Where the LC is concerned, locals don’t much talk about dancing anymore. That dust-up seems almost forgotten, shoved aside by the latest drama over the Lahaina nightclub Paradice Bluz, which grabbed three strikes for over-service and a liquor license revocation in just six months.
But recently a friend sent me a copy of a June 3, 2007 New York Times op-ed that brought back all the LC dancing prohibitions (no dancing outside the specially marked dance floor, no dancing with a drink in your hand, etc.). Written by no less a personage as Barbara Ehrenreich—her 2001 book Nickel and Dimed, on what it’s like to work low-wage jobs, should be required reading in every journalism school—the essay rails against various dancing restrictions in New York City bars.
“[D]isputes over who can dance, how and where, are at least as old as civilization, and arise from the longstanding conflict between the forces of order and hierarchy on the one hand, and the deep human craving for free-spirited joy on the other,” Ehrenreich wrote.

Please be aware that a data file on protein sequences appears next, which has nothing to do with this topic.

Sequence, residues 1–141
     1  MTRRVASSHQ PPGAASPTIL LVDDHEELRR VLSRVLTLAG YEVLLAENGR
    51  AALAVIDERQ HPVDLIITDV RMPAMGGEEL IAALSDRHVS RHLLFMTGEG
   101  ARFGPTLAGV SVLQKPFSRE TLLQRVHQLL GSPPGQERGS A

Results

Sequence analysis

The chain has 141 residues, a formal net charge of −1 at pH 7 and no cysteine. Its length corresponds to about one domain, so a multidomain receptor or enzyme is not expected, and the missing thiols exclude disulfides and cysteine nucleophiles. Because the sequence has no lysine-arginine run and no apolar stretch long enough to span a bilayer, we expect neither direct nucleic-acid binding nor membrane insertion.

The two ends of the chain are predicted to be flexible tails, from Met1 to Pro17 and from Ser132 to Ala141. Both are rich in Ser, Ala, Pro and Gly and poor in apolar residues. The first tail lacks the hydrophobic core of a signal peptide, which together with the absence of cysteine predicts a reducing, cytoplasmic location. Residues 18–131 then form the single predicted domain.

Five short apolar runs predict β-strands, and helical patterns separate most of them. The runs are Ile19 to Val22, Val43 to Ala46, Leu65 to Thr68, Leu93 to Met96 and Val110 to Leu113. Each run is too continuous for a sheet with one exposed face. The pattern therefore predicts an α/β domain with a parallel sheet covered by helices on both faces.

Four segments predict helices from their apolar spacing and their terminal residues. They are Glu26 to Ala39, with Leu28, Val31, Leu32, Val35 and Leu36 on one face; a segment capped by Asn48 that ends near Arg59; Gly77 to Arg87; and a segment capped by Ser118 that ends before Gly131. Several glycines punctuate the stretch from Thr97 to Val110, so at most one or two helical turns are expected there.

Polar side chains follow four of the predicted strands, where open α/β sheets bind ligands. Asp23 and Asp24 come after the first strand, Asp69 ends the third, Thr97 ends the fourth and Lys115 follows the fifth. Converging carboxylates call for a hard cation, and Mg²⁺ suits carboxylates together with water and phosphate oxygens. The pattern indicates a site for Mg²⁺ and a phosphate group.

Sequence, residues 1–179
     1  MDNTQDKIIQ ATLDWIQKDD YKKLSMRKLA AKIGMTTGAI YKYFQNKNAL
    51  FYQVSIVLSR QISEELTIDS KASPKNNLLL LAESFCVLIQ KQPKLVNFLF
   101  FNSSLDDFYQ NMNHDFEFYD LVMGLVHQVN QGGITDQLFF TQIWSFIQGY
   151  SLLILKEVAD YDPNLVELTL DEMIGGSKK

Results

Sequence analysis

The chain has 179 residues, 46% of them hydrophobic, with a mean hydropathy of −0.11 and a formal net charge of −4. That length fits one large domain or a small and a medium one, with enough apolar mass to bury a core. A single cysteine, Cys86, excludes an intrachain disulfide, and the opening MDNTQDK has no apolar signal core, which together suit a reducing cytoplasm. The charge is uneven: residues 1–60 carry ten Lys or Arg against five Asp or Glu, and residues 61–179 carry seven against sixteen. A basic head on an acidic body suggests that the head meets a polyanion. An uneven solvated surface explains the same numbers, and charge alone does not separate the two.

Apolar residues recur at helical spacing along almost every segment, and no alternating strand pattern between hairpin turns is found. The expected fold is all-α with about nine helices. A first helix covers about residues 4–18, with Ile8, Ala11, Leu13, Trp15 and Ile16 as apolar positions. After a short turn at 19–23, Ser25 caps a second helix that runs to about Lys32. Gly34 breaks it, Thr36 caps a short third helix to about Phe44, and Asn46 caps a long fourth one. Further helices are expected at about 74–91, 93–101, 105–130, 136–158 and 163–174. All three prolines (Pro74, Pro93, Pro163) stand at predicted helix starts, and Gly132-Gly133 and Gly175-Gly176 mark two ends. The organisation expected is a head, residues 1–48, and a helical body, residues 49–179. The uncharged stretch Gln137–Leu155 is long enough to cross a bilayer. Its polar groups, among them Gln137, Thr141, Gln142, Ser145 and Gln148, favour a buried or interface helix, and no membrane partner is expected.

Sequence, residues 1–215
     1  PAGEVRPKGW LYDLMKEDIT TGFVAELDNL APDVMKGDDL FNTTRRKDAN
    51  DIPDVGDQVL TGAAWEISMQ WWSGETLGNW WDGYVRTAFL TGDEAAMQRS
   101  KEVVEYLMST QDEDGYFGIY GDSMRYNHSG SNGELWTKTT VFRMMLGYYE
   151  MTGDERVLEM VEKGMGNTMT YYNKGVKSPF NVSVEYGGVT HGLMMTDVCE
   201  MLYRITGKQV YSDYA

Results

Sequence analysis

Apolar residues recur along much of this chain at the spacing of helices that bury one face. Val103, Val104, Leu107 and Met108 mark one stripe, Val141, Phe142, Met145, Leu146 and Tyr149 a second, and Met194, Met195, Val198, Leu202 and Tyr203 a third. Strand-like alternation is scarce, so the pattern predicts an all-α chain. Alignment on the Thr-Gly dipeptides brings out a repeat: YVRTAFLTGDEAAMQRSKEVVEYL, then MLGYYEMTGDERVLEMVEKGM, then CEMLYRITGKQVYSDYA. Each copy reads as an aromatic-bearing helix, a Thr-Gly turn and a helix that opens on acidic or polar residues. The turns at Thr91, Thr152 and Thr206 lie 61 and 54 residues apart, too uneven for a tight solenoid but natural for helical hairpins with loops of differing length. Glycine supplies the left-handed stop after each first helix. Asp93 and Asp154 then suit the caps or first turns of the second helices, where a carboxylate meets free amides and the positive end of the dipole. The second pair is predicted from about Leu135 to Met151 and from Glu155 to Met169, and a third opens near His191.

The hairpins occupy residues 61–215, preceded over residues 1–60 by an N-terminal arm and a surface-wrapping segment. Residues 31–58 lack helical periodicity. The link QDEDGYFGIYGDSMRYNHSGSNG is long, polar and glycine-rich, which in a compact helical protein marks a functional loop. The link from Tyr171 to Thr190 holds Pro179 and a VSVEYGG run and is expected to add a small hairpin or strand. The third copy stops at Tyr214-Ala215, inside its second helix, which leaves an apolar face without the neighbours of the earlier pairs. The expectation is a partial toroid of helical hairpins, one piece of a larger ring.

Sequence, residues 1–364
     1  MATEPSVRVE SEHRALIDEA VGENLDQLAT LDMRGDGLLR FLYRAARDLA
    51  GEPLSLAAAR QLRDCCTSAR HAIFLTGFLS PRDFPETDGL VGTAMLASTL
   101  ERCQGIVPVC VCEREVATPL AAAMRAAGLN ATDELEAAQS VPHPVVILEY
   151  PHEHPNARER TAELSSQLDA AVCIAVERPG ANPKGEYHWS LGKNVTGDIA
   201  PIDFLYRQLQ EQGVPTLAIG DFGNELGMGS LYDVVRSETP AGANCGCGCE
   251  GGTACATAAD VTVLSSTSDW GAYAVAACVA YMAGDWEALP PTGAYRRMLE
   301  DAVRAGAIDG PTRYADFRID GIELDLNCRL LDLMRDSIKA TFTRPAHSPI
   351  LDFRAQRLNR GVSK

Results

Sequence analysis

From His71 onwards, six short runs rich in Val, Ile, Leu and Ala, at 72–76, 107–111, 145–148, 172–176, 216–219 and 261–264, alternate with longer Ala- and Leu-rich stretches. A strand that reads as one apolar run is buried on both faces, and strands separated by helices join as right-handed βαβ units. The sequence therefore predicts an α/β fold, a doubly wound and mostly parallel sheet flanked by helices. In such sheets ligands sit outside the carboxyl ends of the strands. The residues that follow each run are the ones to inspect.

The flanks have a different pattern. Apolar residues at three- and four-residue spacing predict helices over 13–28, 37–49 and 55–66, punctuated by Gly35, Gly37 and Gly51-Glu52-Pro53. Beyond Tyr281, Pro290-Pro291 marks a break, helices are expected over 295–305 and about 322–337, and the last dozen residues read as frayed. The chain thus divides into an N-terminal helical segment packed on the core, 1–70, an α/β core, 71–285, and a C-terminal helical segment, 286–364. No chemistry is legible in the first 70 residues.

After briefly highlighting the history of anti-dance rules (like much of Western Civilization, they go back to the Romans), and dissing former NYC mayor/current Republican presidential hopeful Rudy Giuliani for cracking down on dancing in his bid to turn “Manhattan into a giant mall/food court,” Ehrenreich makes this fundamental point: dancing is a uniquely human activity.
Ehrenreich ends her piece by calling on New Yorkers and “all Americans faced with anti-dance restrictions” to “stand up and take action” by “high stepping into the streets.”
At least the LC can’t say no to that.